Margaret S. Torn
18 April 2017
A new dataset to keep a sharper eye on land-air exchanges.
FLUXNET2015 is the largest and most complete dataset of land-atmosphere fluxes ever produced, including data from 212 sites in 30 countries. The FLUXNET and U.S. Department of Energy AmeriFlux Management Project teams created the dataset, in a large-scale collaborative endeavor with regional networks and site teams from around the world.
The data and derived products in the FLUXNET2015 dataset are consistently quality controlled and gap filled, made simple to use, and can be used to validate satellite measurements, inform Earth system models, and provide insight into ecology and hydrology questions. They can also be used to fuel novel applications, many harnessing big data tools, from the scales of microbes to continents. As an indication of the expected impact of this data release, only one year after its first announcement, the FLUXNET2015 dataset had been downloaded by more users than the previous release in the entirety of its nearly 10-year lifetime. In its first 15 months, FLUXNET2015 had over 87,000 site-data downloads, more than twice the total number for the previous release (LaThuile 2007: 41,000). Many factors contribute to the high scientific demand, including the enhanced derived products and long time series in the dataset as well as growing emphasis on confronting data with models, more advanced data tools, and a more open data policy.
In the mid 1990s, regional networks like AmeriFlux and the European Fluxes Database were established to enable sharing of data and methods from measuring carbon, energy, and water exchanges between land and the atmosphere. FLUXNET brought these networks together and allowed the creation of global synthesis datasets: Marconi dataset in 2000, LaThuile Dataset in 2007, and now FLUXNET2015 dataset. These datasets were key to answering science questions on themes ranging from soil microbiology to the global carbon cycle. Among the new features for FLUXNET2015 are intensive data quality checks; energy corrections applied to achieve energy balance closure, potentially making the data more useful to climate and ecosystem models requiring closed energy budget; estimation of uncertainties for processing steps, leading to uncertainty quantification suitable for use in data-model integration; and improved accuracy of gap-filled data and aggregated products (e.g., daily or yearly sums) through use of downscaled ERA-Interim reanalysis data.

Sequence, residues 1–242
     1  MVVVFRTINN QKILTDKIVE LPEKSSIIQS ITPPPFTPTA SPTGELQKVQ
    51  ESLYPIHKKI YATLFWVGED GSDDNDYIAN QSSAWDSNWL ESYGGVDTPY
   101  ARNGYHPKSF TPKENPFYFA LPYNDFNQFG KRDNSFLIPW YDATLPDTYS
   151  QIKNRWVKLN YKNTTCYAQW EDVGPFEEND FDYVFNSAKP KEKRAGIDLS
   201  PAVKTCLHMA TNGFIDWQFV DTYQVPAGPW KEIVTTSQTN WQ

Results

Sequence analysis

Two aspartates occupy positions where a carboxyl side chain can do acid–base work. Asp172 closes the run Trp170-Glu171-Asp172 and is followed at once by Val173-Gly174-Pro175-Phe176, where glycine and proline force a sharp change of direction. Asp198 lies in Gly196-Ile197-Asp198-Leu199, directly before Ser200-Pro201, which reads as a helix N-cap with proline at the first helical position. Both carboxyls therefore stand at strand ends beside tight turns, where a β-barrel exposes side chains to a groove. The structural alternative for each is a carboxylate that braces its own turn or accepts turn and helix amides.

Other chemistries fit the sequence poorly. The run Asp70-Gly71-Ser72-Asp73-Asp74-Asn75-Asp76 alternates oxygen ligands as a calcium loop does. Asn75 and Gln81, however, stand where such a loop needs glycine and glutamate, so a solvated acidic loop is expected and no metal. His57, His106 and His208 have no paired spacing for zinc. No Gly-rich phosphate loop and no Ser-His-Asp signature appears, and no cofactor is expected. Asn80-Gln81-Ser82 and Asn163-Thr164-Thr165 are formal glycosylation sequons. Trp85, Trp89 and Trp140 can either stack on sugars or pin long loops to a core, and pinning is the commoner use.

BER Program Manager
Terrestrial Ecosystem Science, SC-23.1
Margaret S. Torn
Lawrence Berkeley National Laboratory
Berkeley, CA 94720
Funding for the AmeriFlux Management Project was provided by the Office of Biological and Environmental Research, within the U.S. Department of Energy (DOE) Office of Science under Contract No. DE-AC02-05CH11231. Funding for the FLUXNET Partnership Project was provided by the DOE Office of Science. This research used resources of the National Energy Research Scientific Computing Center, a DOE Office of Science user facility supported by the DOE Office of Science under Contract No. DE-AC02-05CH11231.
This work used eddy covariance data acquired and shared by the FLUXNET community, including these networks: AmeriFlux, AfriFlux, AsiaFlux, CarboAfrica, CarboEuropeIP, CarboItaly, CarboMont, ChinaFlux, Fluxnet-Canada, GreenGrass, ICOS, KoFlux, LBA, NECC, OzFlux-TERN, TCOS-Siberia, and USCCC. The ERA-Interim reanalysis data are provided by ECMWF and processed by LSCE. The FLUXNET eddy covariance data processing and harmonization was carried out by the European Fluxes Database Cluster, AmeriFlux Management Project, and Fluxdata project of FLUXNET, with the support of CDIAC and ICOS Ecosystem Thematic Center, and the OzFlux, ChinaFlux and AsiaFlux offices.
Pastorello, G.Z., D. Papale, H. Chu, C. Trotta, D.A. Agarwal, E. Canfora, D.D. Baldocchi, and M.S. Torn. "A new data set to keep a sharper eye on land-air exchanges." Eos 98 (Published on 17 April 2017). [DOI:10.1029/2017EO071597].